River of No Return.
Photography by Laura McPhee, preface by Robert Hass with an essay by Joanne Lukitsh.
Yale University Press, New Haven, 2008. 160 pp., 6 black & white and 94 color illustrations., 12½x10".
The idea of the American wilderness has long captivated artists fascinated by the ways in which its unspoiled natural beauty embodies the nation's identity. This beautifully produced volume celebrates the unsurpassed splendor of a fabled region, while also resenting the environmental complexities of managing a vast landscape in which the needs of ranchers, biologists, miners, tourists, and locals seek a finely delineated balance.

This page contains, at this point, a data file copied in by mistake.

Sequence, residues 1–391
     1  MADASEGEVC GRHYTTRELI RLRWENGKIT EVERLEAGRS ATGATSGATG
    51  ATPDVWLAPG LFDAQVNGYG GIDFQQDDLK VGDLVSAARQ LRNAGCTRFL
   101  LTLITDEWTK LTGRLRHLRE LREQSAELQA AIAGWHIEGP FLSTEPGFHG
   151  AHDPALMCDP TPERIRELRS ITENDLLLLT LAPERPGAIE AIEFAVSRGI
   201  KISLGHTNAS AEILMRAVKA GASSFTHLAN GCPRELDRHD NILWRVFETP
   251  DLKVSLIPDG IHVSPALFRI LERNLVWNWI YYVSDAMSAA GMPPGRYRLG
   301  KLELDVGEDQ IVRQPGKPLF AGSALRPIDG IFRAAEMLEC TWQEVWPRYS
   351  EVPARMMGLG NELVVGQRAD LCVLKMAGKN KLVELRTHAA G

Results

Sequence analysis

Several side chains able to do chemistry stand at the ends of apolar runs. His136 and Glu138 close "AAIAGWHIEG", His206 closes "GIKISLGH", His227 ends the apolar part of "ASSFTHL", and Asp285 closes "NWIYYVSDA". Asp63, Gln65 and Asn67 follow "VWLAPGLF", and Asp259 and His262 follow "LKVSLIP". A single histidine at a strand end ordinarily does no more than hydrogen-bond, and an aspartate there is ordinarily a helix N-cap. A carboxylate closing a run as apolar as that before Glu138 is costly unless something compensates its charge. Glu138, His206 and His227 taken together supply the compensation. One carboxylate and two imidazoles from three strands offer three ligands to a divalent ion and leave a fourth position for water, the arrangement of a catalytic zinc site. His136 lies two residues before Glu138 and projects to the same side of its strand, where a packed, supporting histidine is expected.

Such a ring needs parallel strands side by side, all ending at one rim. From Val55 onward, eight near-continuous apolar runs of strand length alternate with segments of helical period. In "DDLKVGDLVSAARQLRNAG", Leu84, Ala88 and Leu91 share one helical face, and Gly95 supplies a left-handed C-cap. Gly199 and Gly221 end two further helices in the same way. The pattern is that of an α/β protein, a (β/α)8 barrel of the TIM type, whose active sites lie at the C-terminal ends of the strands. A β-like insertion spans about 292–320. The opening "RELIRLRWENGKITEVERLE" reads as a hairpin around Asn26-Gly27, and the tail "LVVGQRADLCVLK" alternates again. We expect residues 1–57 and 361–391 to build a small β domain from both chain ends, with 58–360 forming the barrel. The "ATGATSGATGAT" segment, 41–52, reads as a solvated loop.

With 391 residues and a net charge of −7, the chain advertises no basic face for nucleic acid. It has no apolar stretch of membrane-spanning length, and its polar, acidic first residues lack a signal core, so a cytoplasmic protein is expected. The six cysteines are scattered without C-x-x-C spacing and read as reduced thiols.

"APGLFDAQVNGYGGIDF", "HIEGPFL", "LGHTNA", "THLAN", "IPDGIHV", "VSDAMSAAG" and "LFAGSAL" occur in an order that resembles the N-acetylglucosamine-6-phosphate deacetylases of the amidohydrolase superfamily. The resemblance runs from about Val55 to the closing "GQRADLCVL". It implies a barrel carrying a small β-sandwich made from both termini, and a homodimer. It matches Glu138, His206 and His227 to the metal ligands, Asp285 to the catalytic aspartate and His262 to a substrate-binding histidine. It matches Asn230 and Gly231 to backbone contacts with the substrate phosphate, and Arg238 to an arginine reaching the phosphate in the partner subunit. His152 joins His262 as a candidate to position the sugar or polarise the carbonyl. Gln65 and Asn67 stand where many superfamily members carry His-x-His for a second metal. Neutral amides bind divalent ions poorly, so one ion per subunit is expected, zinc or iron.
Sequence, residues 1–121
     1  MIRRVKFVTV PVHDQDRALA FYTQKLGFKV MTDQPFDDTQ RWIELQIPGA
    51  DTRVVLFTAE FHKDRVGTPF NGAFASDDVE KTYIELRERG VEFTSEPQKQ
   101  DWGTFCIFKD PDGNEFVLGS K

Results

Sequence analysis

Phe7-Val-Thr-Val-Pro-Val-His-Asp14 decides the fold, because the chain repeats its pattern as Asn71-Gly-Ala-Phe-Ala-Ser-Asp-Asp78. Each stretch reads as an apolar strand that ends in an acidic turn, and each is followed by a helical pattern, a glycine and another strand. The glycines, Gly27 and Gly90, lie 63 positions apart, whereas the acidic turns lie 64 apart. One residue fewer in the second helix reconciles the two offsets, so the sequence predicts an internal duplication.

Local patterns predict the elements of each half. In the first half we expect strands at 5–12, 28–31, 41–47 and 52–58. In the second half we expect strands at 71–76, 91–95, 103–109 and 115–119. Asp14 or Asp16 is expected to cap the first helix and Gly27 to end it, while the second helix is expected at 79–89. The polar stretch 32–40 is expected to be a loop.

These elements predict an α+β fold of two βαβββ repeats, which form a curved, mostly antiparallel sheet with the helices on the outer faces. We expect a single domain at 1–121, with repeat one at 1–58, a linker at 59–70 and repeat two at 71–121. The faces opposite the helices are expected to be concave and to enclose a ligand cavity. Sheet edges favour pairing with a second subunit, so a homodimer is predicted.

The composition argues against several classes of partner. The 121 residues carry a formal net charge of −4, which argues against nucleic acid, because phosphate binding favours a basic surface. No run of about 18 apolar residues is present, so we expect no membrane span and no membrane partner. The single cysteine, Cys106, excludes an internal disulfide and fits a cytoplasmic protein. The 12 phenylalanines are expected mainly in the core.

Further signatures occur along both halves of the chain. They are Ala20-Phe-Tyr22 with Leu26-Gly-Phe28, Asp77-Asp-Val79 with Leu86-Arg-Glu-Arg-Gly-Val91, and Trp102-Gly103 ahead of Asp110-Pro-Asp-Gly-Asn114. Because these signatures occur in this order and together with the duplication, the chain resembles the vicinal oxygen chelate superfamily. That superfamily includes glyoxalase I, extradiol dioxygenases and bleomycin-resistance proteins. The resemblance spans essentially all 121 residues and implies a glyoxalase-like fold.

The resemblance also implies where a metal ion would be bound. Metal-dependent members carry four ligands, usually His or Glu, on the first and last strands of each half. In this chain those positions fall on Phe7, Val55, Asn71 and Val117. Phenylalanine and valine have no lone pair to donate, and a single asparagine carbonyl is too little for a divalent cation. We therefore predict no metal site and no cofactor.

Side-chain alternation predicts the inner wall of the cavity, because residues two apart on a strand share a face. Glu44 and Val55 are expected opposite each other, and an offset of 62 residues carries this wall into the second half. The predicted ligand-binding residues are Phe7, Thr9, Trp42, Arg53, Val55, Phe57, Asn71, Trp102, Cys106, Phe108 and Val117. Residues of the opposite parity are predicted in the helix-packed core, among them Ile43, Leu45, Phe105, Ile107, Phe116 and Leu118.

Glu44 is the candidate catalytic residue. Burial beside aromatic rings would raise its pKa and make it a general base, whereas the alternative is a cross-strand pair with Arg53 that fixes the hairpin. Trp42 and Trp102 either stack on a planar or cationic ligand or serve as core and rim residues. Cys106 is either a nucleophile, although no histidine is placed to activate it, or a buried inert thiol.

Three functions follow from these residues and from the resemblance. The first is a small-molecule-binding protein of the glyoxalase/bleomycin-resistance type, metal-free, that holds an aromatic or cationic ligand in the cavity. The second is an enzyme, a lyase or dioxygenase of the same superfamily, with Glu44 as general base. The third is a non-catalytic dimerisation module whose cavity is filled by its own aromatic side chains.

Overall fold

Photographer Laura McPhee follows in the tradition of 19th-century artistic approaches toward the sublime, relying on a large-format view camera to capture images of exquisite color, clarity, and definition. In images of exquisite color, clarity, and definition. In images spanning all seasons, McPhee depicts the magnificence and history of the Sawtooth Valley in central Idaho. Her subject matter includes the region's spectacular mountain ranges, rivers, and ranchlands, its immense spaces and natural resources; its immense spaces and natural resources; the effects of mining and devastating wildfires; and the human stories of those who live and work there. Featured texts set McPhee's photographs in the context of the work of American predecessors including Frederick Sommer and J.B. Jackson, and discuss her working methods and experiences photographing the evolving landscape.